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Mark LaPorta Jan 22, 2019 6:01am

some of these are important.

magnuslamagne Jan 7, 2019 3:34am

Trying to think thoughtful thoughts
Yet my mind is restless
Trying to walk an eight-fold path
Yet my feet won’t move
Trying to mind the air that breathe
Yet my lungs are weary
Trying to see truth in life
I reach for the BIBLE and learn about the ways of JESUS

Ankur Mar 31, 2016 1:03am

There are a lot of words in Vedic-Yogic tradition which get lost/distorted/diluted in translation to English; maybe because of cultural differences and the effect it has on language.

Words like Maya, Sadhana are almost always wrongly translated to mean ‘illusion’, or ‘spiritual practice’.

Sadhana, though is essentially a spiritual practice but the literal meaning of sadhana is ‘to align’, it can be described as act of aligning. A sadhu is a person who has dedicated his life to aligning his being with the universal/super consciousness. Yoga means union.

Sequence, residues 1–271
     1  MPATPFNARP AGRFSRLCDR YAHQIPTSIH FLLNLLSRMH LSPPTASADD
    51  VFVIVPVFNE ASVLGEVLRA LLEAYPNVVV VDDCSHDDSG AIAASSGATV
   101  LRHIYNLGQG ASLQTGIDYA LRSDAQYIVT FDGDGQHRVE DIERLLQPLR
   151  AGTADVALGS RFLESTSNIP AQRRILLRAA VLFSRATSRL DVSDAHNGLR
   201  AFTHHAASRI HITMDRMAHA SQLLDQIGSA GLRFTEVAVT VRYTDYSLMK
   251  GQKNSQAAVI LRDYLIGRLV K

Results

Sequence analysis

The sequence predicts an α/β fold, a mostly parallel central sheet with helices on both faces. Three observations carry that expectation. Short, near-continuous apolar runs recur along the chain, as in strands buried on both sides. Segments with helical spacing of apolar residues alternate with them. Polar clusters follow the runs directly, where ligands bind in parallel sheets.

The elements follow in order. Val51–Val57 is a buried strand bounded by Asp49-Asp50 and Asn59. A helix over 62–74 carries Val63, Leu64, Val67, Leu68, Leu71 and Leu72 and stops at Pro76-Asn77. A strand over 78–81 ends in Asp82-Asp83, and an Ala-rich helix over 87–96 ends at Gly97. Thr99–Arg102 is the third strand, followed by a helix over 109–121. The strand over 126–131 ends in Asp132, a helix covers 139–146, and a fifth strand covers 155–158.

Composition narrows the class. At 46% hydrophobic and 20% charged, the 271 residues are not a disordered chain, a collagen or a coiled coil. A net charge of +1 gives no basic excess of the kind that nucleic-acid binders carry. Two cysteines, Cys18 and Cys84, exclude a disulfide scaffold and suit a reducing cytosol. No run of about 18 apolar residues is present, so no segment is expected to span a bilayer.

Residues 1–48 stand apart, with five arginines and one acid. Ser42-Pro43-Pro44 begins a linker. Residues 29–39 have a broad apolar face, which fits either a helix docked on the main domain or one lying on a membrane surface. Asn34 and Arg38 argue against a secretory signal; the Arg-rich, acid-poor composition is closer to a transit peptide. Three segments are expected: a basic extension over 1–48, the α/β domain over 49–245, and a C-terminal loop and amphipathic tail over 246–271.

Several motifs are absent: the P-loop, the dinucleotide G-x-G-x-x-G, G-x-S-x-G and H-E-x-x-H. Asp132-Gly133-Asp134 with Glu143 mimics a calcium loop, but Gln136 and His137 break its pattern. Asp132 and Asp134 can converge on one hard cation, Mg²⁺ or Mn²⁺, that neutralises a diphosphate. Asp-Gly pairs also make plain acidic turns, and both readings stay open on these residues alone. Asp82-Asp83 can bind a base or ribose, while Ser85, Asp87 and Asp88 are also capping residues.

Some traditions in yoga maintain that yoga is not just an excercise, as pointed here beautifully but also a way of life: yoga is forever and throughout; yoga is in union, with so many dimensions of experience through the manifest reality, EVERY MOMENT! You are/can be in state of yoga while taking a walk, while waiting through a traffic jam, while having a meeting, while working. Yoga is not an excercise, it is a state and practice at all levels and states, practice of yoga of breath, practice of ypga pf postures, practice of yoga in sex, practice of yoga in relationships, practice of yoga in work and in life makes one a ‘yogi’,meaning ‘one who has dedicated his life to, and/or is in the state of union’.

Doing asanas without awareness of each moment and of our ever changing multi dimensional experiential filed, not just physically, but mentally, emotionally and energetically with the help of breath and movement and postures is a Waste, there is no ‘union’ happening then, it is then reduced to just some and sadly, only a physical activity.